Maybe I could then use some MySQL string functions to get the desired results, however I am not very familiar with those.


 11:18 am on Jul 31, 2012 (gmt 0)

Yes that could be an option but you have to watch the separators.

If you set product_category to a varchar(n) field you can then do this:

SELECT product_id FROM table WHERE product_category LIKE "%11" AND product_category LIKE "%14" AND product_category LIKE "%7"

But that would be incorrect because it would find records like this:


You would need to ensure that all the stored product_category ids have separators around them such as a comma or any other character


Now your select can look like this:

SELECT product_id FROM table WHERE product_category LIKE "~11~," AND product_category LIKE "~14~" AND product_category LIKE "~7~"

You could just use spaces if you wish

11 14 7
211 14 7
11 14 75

but I would use a specific character as it will be easier to spot mistakes.


As I said earlier though there is probably a direct mysql statement, which would extract your data as in your opening post. Something on the lines of subselects and unions.


 11:38 pm on Aug 1, 2012 (gmt 0)

I'd not mess up my data structure cause a query seems difficult at first looks. Data normalization should rule.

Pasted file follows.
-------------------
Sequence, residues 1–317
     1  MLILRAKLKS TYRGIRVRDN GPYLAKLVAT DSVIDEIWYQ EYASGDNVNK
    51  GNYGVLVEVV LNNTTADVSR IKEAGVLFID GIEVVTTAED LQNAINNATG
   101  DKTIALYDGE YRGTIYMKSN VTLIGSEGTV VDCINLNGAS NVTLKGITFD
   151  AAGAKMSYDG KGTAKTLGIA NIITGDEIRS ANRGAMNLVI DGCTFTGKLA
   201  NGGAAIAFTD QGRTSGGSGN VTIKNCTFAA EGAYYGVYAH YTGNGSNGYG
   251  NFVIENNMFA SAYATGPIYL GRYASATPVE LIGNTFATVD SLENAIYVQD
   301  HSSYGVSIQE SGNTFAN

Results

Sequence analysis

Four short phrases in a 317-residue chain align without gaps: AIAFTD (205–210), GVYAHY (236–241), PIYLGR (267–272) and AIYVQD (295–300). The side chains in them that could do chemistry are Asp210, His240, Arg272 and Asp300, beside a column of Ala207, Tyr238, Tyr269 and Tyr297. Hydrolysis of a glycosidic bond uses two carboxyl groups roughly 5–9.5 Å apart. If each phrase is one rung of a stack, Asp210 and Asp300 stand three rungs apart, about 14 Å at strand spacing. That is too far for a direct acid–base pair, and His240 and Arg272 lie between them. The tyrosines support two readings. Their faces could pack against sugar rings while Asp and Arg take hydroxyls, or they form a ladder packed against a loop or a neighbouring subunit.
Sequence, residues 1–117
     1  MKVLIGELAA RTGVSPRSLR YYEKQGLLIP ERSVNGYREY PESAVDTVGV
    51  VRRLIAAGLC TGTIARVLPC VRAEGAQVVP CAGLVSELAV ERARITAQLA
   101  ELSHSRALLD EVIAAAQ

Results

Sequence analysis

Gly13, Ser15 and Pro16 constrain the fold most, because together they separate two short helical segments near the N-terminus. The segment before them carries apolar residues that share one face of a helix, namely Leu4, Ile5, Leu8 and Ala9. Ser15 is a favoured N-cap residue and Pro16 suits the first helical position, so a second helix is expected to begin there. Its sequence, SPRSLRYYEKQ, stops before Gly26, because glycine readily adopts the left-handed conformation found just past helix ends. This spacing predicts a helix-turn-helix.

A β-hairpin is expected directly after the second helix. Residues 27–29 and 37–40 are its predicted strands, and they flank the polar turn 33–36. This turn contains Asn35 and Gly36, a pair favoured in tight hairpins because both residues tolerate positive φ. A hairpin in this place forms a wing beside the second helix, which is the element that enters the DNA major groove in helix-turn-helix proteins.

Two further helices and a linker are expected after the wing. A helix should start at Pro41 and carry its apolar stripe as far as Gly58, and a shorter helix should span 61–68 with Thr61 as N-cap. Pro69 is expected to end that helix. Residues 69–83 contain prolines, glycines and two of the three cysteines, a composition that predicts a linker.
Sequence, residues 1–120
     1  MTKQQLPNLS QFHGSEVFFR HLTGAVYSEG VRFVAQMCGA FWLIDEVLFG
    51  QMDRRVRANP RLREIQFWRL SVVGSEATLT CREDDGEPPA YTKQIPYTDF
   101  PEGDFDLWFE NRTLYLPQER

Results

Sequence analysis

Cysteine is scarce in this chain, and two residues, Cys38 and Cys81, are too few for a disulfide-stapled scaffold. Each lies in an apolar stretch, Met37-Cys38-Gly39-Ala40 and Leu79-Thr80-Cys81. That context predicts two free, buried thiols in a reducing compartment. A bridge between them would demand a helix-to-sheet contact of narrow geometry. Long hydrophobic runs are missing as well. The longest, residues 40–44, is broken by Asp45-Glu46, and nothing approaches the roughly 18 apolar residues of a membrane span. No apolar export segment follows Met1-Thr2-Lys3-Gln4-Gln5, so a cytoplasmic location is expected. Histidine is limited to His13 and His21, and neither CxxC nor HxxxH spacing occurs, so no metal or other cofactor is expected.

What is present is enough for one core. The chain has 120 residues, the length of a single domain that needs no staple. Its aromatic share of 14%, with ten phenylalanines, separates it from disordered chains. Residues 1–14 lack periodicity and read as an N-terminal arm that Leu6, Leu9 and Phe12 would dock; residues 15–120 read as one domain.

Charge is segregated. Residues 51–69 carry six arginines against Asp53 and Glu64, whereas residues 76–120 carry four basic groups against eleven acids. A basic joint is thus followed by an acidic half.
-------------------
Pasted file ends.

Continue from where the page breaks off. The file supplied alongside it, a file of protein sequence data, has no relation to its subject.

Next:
AFAIK (I'm by far not a SQL specialist) this is typically solved with an inner join of the table with itself.


mysql> select * from tt;
| id | product_id | product_category |
| 1 | 29 | 11 |
| 2 | 29 | 14 |
| 3 | 29 | 7 |
| 4 | 30 | 11 |
| 5 | 30 | 7 |
| 6 | 32 | 11 |
| 7 | 32 | 14 |
| 8 | 32 | 26 |
| 9 | 32 | 7 |
9 rows in set (0.00 sec)

mysql> select t1.id, t1.product_id
from tt as t1
inner join tt as t2
on t1.product_id = t2.product_id
inner join tt as t3
on t1.product_id = t3.product_id
where t1.product_category=11
and t2.product_category=14
and t3.product_category=7;
| id | product_id |
| 1 | 29 |
| 6 | 32 |
2 rows in set (0.00 sec)

I'm not saying anything is optimal performance wise etc. but this at least works and probably can be enhanced from there on.


 2:34 pm on Aug 4, 2012 (gmt 0)

Thanks swa66, that was what I was looking for. I tried it out and it performs much better than the solution with the arrays.